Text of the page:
• Bravely Default 2 eschews traditional random battles for having enemies visible on-screen. The problem is that the enemies respawn too quickly; after defeating an enemy, all I would have to do is walk a short distance and then turn back to find that same enemy was alive and well again. Usually, the nice thing about having on-screen enemies is the ability to clear a room and explore freely; this demo did not allow me to do that, which I found frustrating. 
  • After coming out of a battle, other enemies in the area can engage you immediately. I had many situations where I had to fight multiple groups of enemies consecutively without a break, making the effective frequency of combat higher than what it would have been with random encounters.
  • By far the biggest issue with this demo was its extremely imbalanced difficulty level. Just to make a modicum of progress into the dungeon in the demo's quest, I had to grind for a considerable amount of time. After playing for several hours, I managed to make it to the dungeon boss only to find that I could barely deal any damage to him; I would likely have to grind for several more hours just to be able to finish this demo, which just didn't seem worth it to me.
Ultimately, this demo had the opposite effect than what was intended; it made me feel less inclined to pick up the full version. Why would I pre-order the full game when the demo was so discouraging to play? Since there seemed to be potential in the game from an artistic and mechanical standpoint, I'll probably give it a second look if reviews indicate that the final game has been drastically rebalanced to offer a less grinding-focused experience.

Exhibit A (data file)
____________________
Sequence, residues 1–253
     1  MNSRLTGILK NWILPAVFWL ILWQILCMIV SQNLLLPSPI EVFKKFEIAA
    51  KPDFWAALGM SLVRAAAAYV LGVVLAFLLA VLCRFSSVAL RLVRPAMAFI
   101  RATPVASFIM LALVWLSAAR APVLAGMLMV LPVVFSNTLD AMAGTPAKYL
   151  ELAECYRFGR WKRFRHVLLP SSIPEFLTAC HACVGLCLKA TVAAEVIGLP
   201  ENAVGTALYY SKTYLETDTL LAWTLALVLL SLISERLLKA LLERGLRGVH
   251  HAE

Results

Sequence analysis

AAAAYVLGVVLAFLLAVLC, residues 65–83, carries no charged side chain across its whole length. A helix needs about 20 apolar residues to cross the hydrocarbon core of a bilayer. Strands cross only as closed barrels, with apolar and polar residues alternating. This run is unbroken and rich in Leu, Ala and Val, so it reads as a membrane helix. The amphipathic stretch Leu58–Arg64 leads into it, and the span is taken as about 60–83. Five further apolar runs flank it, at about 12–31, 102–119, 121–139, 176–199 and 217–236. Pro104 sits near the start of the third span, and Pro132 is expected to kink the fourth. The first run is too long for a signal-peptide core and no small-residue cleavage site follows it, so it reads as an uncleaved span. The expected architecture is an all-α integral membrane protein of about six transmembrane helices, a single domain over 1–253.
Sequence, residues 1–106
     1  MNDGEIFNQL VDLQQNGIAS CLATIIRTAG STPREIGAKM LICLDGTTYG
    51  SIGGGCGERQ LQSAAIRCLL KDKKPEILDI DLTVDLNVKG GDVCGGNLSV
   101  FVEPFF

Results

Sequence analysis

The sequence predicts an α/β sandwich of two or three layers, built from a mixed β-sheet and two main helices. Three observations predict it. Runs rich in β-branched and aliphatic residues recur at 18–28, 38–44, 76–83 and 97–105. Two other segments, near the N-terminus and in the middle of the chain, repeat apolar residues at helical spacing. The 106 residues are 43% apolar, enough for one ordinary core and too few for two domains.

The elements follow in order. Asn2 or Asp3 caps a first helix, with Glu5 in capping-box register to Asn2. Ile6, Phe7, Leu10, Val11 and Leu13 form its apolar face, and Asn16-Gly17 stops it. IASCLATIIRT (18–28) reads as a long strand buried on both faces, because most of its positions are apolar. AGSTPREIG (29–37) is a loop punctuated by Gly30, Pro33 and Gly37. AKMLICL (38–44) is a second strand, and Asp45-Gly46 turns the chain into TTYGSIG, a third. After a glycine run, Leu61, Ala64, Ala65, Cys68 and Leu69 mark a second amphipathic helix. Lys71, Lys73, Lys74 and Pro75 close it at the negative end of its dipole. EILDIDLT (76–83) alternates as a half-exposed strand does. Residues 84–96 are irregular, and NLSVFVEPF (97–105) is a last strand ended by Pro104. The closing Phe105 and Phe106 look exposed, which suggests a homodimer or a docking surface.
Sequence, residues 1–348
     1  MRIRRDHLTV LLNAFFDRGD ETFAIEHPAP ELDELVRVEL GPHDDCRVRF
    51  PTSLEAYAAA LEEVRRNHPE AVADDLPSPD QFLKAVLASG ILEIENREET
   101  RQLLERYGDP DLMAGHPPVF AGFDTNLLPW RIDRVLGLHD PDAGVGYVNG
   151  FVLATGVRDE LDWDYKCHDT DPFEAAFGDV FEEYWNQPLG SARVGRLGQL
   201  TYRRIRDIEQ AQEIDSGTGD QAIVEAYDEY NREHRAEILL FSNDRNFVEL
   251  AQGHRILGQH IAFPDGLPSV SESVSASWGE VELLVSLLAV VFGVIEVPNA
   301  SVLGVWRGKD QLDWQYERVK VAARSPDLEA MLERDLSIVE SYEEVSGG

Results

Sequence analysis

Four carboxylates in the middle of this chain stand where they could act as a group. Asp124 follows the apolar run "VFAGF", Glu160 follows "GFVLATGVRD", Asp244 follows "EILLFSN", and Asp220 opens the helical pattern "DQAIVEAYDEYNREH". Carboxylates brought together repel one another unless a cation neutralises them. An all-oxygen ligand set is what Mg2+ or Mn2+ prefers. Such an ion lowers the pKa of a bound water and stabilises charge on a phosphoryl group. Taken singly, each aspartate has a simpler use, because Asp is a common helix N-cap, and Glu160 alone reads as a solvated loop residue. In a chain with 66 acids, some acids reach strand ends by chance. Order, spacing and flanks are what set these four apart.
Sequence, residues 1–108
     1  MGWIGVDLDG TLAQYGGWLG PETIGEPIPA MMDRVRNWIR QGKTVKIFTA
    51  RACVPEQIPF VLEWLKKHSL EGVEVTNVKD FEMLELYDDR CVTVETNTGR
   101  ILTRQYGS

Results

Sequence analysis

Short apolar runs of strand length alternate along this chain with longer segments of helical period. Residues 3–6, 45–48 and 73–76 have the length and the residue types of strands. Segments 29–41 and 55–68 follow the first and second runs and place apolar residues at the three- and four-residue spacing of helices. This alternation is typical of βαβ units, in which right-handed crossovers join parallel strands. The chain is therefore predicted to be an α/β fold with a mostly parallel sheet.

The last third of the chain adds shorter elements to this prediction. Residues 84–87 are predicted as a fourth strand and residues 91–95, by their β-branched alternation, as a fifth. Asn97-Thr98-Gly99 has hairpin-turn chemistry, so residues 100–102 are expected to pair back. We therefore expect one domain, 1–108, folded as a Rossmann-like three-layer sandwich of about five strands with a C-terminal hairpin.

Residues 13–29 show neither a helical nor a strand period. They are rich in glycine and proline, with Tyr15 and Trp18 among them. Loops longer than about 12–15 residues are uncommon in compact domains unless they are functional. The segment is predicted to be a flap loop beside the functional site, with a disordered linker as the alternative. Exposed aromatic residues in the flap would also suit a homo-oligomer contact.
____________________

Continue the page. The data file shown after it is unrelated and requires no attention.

The demo warns you that the difficulty has been turned up "a little higher", but to me this seemed extreme.

I found the dialog in the demo to be fairly entertaining.

Be prepared to spend a lot of time staring at the battle screen if you decide to play this demo.

Sunday, March 8, 2020

Giana Sisters Twisted Dreams Review

For my third game during #PlatforMonth, I decided to pick up a platformer starring the gaming world's second favorite pair of super-powered Italian siblings, the Giana Sisters. While this series may have started off as a very blatant ripoff of Super Mario Bros, it has since grown into a distinct franchise with its own unique personality and mechanics. The fourth game in the series, Twisted Dreams, was the result of a successful Kickstarter campaign in 2012.

Giana Sisters Twisted Dreams is a 2.5D platformer with a linear level structure. The game's signature mechanic is that you can switch your character between two forms, "Punk" and "Cute". Changing between these forms changes your character's abilities and also the behavior of objects in the environment.

  • This game gets a lot of mileage out of its central switching mechanic. Switching between the two forms occurs instantaneously, seamlessly, and changes your move set, the visual aesthetic of the level, the background music, and the behavior of platforms and enemies. It somehow all feels very natural quickly and I found that it remained an enjoyable mechanic throughout the entire campaign.